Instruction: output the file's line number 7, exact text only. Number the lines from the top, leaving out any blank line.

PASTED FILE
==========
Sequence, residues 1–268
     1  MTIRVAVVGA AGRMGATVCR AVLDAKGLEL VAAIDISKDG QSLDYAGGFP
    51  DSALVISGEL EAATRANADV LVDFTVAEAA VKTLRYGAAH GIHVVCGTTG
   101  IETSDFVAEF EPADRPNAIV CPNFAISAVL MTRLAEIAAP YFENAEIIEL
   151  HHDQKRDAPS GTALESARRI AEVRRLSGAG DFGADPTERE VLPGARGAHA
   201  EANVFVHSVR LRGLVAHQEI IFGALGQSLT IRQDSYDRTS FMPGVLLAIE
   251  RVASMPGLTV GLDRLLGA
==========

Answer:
   251  RVASMPGLTV GLDRLLGA